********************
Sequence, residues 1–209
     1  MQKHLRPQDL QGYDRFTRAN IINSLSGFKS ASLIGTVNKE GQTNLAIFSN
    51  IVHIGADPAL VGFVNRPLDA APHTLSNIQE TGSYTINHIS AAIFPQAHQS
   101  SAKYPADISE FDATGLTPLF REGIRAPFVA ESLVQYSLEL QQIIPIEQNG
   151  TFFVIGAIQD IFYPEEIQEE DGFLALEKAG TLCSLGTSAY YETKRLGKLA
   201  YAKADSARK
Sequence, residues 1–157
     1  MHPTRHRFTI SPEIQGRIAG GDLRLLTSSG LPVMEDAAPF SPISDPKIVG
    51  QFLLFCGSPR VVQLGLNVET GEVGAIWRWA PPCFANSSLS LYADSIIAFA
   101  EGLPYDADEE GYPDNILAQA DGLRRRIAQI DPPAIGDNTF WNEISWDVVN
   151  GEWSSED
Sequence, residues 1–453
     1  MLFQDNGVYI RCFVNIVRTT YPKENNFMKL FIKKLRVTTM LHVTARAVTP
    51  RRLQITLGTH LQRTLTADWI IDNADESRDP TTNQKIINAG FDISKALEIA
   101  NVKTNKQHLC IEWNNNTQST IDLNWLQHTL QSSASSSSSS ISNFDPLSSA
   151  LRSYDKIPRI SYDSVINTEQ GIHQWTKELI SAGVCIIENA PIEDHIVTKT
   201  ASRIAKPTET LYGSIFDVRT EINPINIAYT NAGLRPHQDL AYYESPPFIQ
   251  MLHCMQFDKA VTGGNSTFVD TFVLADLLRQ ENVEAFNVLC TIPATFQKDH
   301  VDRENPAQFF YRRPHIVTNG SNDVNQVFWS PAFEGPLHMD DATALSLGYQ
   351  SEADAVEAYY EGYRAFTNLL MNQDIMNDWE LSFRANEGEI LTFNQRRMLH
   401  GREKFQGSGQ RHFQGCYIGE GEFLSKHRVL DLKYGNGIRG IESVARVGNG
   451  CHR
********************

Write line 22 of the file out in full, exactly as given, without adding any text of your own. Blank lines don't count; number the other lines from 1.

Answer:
   451  CHR